(myCommunity.com) 11 people die in hate attack to a synagogue in the United States. Eleven people were killed and six wounded when a man opened fire at a synagogue in the city of Pittsburgh on Saturday, in what appears to be one of the worst anti-Semitic attacks in US history.
President Donald Trump described the attack as a "deranged act of mass murder", denouncing the climate of "hatred" in the country and the world.
"There should be no tolerance for anti-Semitism," he said.
The attacker broke into the Tree of Life synagogue during a ceremony for the birth of a baby. After a confrontation with the forces of order, he was arrested and sent to a hospital.
"It is probably the deadliest attack on the Jewish community in the history of the United States," said Jonathan Greenblatt, national director of the Anti-Defamation League (ADL), the main American anti-semitism association.
Pittsburgh public safety director Wendell Hissrich told a news conference that 11 people were killed and six wounded, including four police officers. No child was killed.
He had an assault rifle and at least three pistols, according to the authorities.
Hissrich had previously described the scene of the shooting as "terrible".
The attacker was identified by authorities as Rob Bowers, a Pittsburgh resident of 46 years whose online publications were replete with anti-Semitic comments.
Running down the stairs
Bowers entered the local 10H00 in the synagogue, where dozens of people celebrated the Jewish Sabbath rest day. According to local media, he shouted: "All Jews must die."
Stephen Weiss, a member of the congregation who was at the scene, told the local Tribune Review that he heard a dozen shots coming from the entrance.
"We had the service (religious) in the chapel when we heard a loud noise in the lobby area." I recognized him as shooting, "said the man from 60 years, who immediately fled.
A woman at the scene told CNN that her daughter was with other people who ran down the stairs and barricaded themselves in the basement of the synagogue after hearing the shots. "They are safe," he told the network.
Police cordoned off the building, which was surrounded by patrol cars, ambulances and a SWAT police team.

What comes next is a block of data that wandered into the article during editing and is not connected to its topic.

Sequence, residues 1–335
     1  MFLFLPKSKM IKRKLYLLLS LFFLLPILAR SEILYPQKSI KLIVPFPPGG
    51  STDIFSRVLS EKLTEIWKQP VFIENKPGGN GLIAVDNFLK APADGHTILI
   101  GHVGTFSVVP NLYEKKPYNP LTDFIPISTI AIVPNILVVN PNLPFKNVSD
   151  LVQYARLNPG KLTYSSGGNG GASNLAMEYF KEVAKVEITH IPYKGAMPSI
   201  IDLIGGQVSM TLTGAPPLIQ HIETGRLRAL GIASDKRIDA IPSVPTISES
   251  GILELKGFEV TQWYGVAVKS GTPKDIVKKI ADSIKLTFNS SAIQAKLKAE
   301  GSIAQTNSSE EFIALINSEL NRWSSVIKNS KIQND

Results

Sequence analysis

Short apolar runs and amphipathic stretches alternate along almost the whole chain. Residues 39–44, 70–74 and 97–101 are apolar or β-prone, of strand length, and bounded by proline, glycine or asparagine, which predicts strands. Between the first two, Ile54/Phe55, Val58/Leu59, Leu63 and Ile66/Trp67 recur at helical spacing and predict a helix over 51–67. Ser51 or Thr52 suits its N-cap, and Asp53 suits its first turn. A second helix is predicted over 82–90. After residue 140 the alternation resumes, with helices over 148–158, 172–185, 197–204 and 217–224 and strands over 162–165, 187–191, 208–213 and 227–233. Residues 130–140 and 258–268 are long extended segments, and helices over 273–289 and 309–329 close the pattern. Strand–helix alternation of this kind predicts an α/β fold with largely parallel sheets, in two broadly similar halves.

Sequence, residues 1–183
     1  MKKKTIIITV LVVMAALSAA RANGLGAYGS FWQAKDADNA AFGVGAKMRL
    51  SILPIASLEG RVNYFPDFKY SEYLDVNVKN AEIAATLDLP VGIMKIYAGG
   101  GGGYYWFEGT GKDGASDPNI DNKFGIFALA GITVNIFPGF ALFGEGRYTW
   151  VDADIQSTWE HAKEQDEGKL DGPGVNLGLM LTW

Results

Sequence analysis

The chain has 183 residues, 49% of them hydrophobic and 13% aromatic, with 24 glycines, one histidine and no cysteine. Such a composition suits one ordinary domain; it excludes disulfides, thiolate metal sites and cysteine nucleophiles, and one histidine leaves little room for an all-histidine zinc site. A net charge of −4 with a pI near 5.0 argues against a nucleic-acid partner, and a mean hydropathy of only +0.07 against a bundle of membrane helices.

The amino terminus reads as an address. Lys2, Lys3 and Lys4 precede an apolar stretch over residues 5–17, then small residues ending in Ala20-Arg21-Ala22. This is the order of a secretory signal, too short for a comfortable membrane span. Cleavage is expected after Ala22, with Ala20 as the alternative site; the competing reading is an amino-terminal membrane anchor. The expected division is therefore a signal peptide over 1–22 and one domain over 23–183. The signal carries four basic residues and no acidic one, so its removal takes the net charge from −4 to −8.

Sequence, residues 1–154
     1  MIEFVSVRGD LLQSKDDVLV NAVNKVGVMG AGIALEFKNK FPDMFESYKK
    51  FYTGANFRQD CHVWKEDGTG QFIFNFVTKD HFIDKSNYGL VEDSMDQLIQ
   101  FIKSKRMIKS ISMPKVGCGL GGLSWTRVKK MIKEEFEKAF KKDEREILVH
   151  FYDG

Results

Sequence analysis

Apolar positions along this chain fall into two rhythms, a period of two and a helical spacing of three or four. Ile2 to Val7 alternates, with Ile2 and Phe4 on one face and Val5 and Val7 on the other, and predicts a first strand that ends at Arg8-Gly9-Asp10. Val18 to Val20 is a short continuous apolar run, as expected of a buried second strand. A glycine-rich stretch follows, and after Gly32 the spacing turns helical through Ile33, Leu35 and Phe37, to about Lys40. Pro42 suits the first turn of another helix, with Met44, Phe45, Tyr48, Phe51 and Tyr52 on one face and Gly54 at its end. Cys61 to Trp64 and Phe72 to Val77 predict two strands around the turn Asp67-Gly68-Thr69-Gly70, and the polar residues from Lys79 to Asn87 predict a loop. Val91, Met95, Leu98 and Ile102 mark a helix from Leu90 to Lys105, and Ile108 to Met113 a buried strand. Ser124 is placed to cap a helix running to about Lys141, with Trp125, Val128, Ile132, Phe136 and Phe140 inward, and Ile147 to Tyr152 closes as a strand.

"This deranged act of mass murder is pure evil, hard to believe and, frankly, something unimaginable," Trump said at a rally in Indiana for the November 6 legislative elections.
Earlier he had said that "something must be done" to avoid this type of crime, proposing to toughen the legislation on the death penalty against the perpetrators of attacks on places of worship.
His daughter Ivanka, converted to Judaism, deplored what he called a "depraved" attack, and Vice President Mike Pence, meanwhile, condemned an "attack on freedom of worship."
"Horrible anti-Semitic brutality"
German Chancellor Angela Merkel denounced "blind anti-Semitic hatred" and Israeli Prime Minister Benjamin Netanyahu expressed his sorrow and solidarity with the United States, condemning "this horrendous anti-Semitic brutality".
France, Canada and the UN also condemned the attack.
The shooting comes at a time of sharp tensions in the United States, a day after a fervent Florida Trump supporter was arrested and accused on Friday of sending 13 bombs to opponents of the US president, in a case that injects further pressure on the president. country a few days away from the crucial legislative elections.
Trump, who has been accused of feeding the divisions with his rhetoric, considered for a moment suspending a campaign event on Saturday afternoon, but finally decided to keep it.
It is the latest shooting incident in the United States, where firearms are linked to more than 30.000 annual deaths.
Hate crimes have increased in the United States in recent years.
Those anti-Semitic episodes multiplied last year, when they increased 57%, from 1.256 to 1.986, according to the ADL.
The Tree of Life synagogue, founded more than 150 years ago, is in the Squirrel Hill neighborhood, the heart of Jewish life in this city in the state of Pennsylvania.
According to a study by the Brandeis University of 2017, more than 80% of the residents of the neighborhood said they had some concern or were very concerned about the increase in anti-Semitism.
The NYPD said it was deploying heavy weapons teams in houses of worship throughout the city in response to the Pittsburgh attack.